Britney Spears does it. Arnold Schwarzenegger does, too. Even the Pope is on Twitter, and now, so is Milton High School.
With its handle @MiltonHSchool, MHS became one of 140 million users of the social media platform that allows members to post thoughts, pictures and links in 140 characters or less. The succinct messages are known as tweets.
English teacher Lynne Manley and guidance counselor Matt Rector started the account on November 14 as a means to send students reminders about test and college application deadlines and other events.
“It just seems like a quick, efficient way to communicate to parents and students who follow you,” said Rector, who doesn’t use Twitter personally, though he reads tweets. Manley, who uses Twitter already, will moderate the account.
The official Twitter account will only cover MHS; the middle and elementary schools aren’t included, Manley said. The account had 42 followers at press time, mostly students, the account’s intended audience.
“There are a few tech-savvy parents that are on there, but now I think all the parents are on Facebook,” Manley said. “Now the kids are starting to abandon Facebook for Twitter.”
MHS senior Ben Gilbert, 17, checks his Twitter feed multiple times daily. He estimates about half the MHS student body tweets. Celeste Gander, 15, an MHS sophomore said tweeting is her default activity: “Whenever I’m home, if I’m not doing anything, I check Twitter,” she said.
The students were pleased the school joined Twitter; both follow the account.
“I definitely hope more people will follow it, because I think it will be helpful,” Celeste said. “Because everyone checks Twitter. Through class, the people who have their smartphones and take them out, they’re checking Twitter.”
The district recently removed the social media site from its list of blocked pages; Facebook still remains blacklisted. Manley anticipates she’ll spend about 15 minutes per day updating MHS’ account.
But just like the town, Manley doesn’t plan to use this social media for socialization and dialogue. The town’s social media policy says its Facebook and Twitter pages are for limited interaction. The school district doesn’t have a social media policy, but Manley largely agrees with the non-social aspect of the town’s.
“I don’t see Twitter as a forum for answering questions in detail, and I think a lot can be left out of a text message or a tweet,” she said.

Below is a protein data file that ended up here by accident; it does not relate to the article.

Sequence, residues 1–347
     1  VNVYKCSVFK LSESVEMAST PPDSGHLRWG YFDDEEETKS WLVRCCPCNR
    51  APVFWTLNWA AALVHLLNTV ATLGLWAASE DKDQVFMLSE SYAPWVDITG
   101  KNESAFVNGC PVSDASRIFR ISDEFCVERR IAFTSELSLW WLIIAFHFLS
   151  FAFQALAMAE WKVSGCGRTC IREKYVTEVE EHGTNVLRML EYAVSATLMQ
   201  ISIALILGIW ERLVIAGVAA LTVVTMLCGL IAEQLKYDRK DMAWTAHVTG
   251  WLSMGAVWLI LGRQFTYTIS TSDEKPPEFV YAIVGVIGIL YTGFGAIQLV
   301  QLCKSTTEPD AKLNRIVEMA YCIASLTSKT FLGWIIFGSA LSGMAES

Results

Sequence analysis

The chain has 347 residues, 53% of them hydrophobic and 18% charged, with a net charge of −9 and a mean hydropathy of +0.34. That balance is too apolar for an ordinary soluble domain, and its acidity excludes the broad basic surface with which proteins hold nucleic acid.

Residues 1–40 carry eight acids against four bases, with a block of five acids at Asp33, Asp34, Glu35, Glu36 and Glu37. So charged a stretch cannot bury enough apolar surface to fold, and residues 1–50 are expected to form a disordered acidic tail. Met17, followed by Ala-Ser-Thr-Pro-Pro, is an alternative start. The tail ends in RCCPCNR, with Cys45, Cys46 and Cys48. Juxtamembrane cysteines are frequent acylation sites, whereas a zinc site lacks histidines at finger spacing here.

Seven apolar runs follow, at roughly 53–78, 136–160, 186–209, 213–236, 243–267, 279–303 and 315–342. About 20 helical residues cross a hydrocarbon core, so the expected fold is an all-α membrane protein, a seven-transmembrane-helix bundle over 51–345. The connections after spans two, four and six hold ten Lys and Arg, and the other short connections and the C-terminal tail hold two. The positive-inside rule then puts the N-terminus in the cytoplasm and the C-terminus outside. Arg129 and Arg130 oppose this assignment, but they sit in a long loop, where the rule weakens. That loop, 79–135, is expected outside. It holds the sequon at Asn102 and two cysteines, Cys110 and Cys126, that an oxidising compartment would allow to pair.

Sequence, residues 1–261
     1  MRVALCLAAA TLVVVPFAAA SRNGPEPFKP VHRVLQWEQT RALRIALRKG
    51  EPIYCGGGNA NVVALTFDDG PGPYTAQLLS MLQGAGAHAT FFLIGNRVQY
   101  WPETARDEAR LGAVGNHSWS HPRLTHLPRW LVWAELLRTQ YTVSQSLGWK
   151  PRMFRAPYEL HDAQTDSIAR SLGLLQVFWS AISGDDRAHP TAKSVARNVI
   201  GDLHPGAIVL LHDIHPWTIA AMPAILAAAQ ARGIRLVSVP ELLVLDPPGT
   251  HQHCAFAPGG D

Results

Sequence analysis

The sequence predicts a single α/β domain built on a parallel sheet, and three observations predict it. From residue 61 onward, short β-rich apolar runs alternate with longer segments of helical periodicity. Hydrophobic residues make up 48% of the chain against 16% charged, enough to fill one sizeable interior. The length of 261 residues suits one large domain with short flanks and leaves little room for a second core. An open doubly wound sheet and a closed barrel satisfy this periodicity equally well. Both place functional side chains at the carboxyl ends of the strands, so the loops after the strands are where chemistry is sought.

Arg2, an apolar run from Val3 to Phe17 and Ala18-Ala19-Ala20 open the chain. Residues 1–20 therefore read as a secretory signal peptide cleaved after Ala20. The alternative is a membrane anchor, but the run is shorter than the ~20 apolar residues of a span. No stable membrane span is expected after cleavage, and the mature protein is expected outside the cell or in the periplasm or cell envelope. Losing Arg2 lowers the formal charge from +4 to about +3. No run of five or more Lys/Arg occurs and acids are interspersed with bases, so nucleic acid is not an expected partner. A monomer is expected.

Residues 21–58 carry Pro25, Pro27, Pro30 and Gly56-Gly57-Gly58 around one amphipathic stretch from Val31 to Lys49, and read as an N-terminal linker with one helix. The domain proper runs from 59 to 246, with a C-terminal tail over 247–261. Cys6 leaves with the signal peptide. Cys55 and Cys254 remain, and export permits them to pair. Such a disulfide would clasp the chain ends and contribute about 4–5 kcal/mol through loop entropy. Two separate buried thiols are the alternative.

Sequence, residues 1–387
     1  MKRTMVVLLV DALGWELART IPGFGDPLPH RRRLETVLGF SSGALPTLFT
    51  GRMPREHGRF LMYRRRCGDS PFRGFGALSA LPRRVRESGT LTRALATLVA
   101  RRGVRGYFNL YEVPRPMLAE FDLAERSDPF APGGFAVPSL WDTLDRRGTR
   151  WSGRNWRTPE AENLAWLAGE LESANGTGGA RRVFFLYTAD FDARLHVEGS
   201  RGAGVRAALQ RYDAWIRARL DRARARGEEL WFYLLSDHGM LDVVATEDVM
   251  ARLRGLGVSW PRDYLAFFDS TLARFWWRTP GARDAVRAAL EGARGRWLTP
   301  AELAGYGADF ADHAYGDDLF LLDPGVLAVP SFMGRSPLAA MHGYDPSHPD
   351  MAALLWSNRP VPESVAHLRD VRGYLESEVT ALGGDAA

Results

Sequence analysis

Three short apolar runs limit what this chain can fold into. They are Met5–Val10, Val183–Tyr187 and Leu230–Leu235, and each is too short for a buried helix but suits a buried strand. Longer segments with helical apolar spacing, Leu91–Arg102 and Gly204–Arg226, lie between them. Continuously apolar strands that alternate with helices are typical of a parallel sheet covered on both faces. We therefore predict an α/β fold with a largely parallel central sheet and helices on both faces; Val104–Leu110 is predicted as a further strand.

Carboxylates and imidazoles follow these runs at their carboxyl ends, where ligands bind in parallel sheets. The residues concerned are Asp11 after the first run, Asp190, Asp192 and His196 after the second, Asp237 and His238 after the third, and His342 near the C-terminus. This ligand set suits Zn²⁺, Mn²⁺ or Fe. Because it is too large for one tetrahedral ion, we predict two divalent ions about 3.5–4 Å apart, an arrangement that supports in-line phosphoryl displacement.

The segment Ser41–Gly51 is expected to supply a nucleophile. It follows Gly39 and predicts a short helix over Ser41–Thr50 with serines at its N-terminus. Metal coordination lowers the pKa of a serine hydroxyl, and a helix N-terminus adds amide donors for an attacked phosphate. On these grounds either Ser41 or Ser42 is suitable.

Many organizations – including the Milton Independent – use Twitter and Facebook for important announcements. But Manley said unless she’s directed, she can’t use the Twitter account for official district statements, like, for example, when school closed early for a water main break three weeks ago.
The district has the Alert Now robocalling system for that purpose, Manley said, though she acknowledged students don’t always get those messages in a timely manner.
Manley said an internal mandate prohibits her from such communications. Though the policy, emailed to all district staff in October, before the MHS Twitter account was created, doesn’t specifically address social media, it advises employees that only the superintendent speaks for the schools.
The account is “just to push out information that’s useful,” Manley said. “It’s not for anything political or any other means.”
Superintendent Ned Kirsch of Franklin West Supervisory Union, which covers Georgia, disagrees; a prolific Twitter-er himself, Kirsch thinks Twitter has many uses, including connecting teachers to others all over the world.
With its @FWSU handle, the district hosts weekly “ed chats” where teachers share ideas and links to articles or studies, Kirsch said, noting he’s yet to see any Milton teachers participate. He doesn’t think the 140-character limit is exactly limiting.
“You really have to think about what you want to say and what you want to communicate,” Kirsch said, adding that a parent once told him the district’s newsletters should adopt “Twitter style”: concise and understandable.
Manley says she hasn’t created an official policy governing what she’ll post; she’s waiting to see what comes her way. She says she won’t post photos of students.
FWSU takes a different tack: Natasha Wheel, Kirsch’s assistant who moderates FWSU’s social media, posts links to the schools’ blog, which often include photos from student plays, presentations, fundraisers and more. Parents first sign a permission form; none have declined, Kirsch said.
“It’s easy just to say, ‘Come on down to an art show at the school,’ but most parents can’t do that,” he said.
Instead, social media engages parents in a new way – and shows them school is about more than test scores, Kirsch added. Once FWSU started adding photos of student art and events to its Facebook page, its followers quadrupled, he said.
That’s the whole point, Wheel said: “We try to be as interactive as possible.
“That’s the goal of Twitter is to create an informative mechanism where people can contact you and you can receive a quick answer and to engage in dialogue,” she said.
Despite her hesitancy to do just that, Manley thinks Twitter can fill a void in district communication – the official website, updated by an outside company, doesn’t always have the most timely information, she said.
Both she and Rector hope the Twitter account gains more followers, especially students.
“We need to connect with kids the way they connect with the world,” Manley said. “We have to change with the times like any other organization.”
And though his district does it differently, Kirsch was excited about Milton’s account. He plans to follow @MiltonHSchool.
“I can probably learn some stuff from them,” he said.